In an interesting article titled Alex Cobb adjusting to life without his changeup, Marc Topkin (Tampa Bay Times) wrote about the evolution of the Cobb’s pitch repertoire.
Topkin noted that Cobb made a fundamental change in his repertoire:
…throwing his curveball more frequently and in more pressing situations. On Monday he threw it 43 times, and his changeup only 10, in 102 pitches.
The reason for the change? Due to the fact that a changeup is a feel pitch, it takes longer to regain the muscle memory needed to throw it with consistency. And because he can’t rely upon his split-changeup at the moment to get swings and misses, Cobb has become fond of his curveball.
Get in those situations where I need that swing and miss, and that’s my best offspeed pitch right now. You kind of learn to go with whatever the hot hand is that day. My whole career I’ve been changeup dominant and going to that when needing swing and misses and strikeouts.
So I just have to relearn how to pitch a little bit using the curveball. It’s a great pitch. But I can’t wait for all three of them to be here.
The question begs, are the results thus far at least complimentary to that of Cobb in his prime?
Cobb went 21-12 with a 2.82 ERA/3.29 FIP in the 2014 and 2015 seasons, combining for a 7.9 WAR. Yet he returned from Tommy John surgery last season (in September) and went 1-2 with an 8.59 ERA/5.60 FIP, with a -0.8 WAR.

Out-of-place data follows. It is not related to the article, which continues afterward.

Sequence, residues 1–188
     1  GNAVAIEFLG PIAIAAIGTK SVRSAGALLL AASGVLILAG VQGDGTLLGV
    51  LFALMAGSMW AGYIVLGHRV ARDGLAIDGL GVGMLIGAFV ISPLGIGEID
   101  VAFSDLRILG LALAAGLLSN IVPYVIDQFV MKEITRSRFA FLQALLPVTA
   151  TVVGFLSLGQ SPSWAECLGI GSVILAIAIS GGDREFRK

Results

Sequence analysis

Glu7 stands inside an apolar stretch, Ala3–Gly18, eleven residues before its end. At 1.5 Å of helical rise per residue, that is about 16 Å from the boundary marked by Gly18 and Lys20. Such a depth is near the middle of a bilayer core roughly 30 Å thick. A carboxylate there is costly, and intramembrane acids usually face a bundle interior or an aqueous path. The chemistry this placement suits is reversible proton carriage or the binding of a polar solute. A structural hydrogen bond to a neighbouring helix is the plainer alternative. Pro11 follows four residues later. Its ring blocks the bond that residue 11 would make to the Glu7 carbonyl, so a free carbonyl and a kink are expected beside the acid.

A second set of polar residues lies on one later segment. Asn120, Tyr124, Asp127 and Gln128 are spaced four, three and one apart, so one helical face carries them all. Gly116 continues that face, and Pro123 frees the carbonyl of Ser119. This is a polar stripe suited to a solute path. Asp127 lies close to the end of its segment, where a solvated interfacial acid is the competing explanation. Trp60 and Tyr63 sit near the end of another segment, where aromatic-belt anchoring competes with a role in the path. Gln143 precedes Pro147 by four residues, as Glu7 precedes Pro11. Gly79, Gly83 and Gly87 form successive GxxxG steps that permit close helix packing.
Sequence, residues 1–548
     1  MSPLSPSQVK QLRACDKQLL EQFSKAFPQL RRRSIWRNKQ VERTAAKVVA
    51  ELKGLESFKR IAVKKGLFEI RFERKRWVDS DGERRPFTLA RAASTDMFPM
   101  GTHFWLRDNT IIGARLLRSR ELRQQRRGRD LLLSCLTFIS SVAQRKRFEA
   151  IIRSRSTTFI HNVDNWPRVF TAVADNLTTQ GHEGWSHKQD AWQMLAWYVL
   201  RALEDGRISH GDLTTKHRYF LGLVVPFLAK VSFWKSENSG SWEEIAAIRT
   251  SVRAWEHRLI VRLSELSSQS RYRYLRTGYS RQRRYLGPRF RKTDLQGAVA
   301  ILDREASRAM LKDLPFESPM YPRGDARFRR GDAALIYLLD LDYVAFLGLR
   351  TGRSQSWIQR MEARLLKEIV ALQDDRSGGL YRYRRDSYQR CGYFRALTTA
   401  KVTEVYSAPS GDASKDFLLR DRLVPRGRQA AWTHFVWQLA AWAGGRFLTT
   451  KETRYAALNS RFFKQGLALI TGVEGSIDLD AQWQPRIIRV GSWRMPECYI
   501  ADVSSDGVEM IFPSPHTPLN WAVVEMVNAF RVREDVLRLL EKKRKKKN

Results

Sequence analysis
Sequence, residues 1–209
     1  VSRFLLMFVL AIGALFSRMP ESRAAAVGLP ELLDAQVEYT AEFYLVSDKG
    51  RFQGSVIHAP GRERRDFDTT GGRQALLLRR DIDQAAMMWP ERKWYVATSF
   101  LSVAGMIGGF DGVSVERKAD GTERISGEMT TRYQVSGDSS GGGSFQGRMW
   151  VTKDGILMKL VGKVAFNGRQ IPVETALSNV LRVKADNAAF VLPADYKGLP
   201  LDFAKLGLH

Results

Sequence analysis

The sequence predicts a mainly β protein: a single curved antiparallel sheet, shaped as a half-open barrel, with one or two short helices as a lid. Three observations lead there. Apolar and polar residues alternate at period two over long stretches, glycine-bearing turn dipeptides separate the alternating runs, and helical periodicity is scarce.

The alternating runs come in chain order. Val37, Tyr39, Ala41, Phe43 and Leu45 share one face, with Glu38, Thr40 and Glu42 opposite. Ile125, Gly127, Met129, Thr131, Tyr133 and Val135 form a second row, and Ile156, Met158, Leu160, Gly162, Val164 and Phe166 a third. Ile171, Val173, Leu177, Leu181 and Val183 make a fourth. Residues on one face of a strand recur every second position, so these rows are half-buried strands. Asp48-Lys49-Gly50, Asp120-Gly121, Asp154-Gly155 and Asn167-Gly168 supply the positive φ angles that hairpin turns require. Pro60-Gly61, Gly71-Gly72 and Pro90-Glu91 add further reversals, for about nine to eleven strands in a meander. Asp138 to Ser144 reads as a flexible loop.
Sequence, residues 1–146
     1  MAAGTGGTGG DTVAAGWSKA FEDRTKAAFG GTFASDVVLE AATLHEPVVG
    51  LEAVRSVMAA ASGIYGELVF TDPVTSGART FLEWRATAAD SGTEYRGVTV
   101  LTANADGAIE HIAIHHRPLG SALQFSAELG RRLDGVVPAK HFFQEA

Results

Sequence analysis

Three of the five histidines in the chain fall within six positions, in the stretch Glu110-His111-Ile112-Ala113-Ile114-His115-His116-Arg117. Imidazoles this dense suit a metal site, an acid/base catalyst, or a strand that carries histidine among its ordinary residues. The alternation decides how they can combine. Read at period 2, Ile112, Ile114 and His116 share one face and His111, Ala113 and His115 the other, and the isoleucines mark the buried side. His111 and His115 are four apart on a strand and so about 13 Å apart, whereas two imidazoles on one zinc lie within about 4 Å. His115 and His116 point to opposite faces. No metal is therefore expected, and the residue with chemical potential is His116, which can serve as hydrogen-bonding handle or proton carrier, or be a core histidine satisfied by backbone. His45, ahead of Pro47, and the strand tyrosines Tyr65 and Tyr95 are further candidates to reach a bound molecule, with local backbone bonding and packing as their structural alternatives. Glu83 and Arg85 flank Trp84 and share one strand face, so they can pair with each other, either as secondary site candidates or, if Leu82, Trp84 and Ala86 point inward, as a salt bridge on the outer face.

Jim Turvey (DRaysBay) found that in two-strike counts, a time when he once went to the splitter reliably, Cobb has thrown the splitter just 22 percent of the time in his two 2017 starts. Instead, it has been the sinker and the curveball each getting over 30 percent usage.
So far the results have been good. Cobb has slashed 3.46 ERA/4.74 FIP/3.42 xFIP over 13 innings of work while allowing five earned runs, and posted an 11/2 strike to ball rate. He’s also induced whiffs on his breaking stuff 18.75% of the time.
In short, Cobb has been effective thus far. However, the right-hander knows something that we may not — when he said, “I can’t wait for all three of them to be here,” he knows that in order for him to be effective over the long-term, he must get back to being a three-pitch hurler before the league catches up to him.
Stats and figures: FanGraphs and Brooks Baseball (unless otherwise noted)
Rays holiday uniforms
MLB has unveiled its new line of Special Event uniforms for the 2017 season, including those to be worn by the Rays (seen above).
Some are pretty great looking (Father’s Day uniforms and All-Star Game hats), while others are pretty overwhelming (I’m looking at you Memorial Day and Home Run Derby uniforms).
A detailed look at the uniforms, hats and socks can be found below, thanks to SportsLogos.net.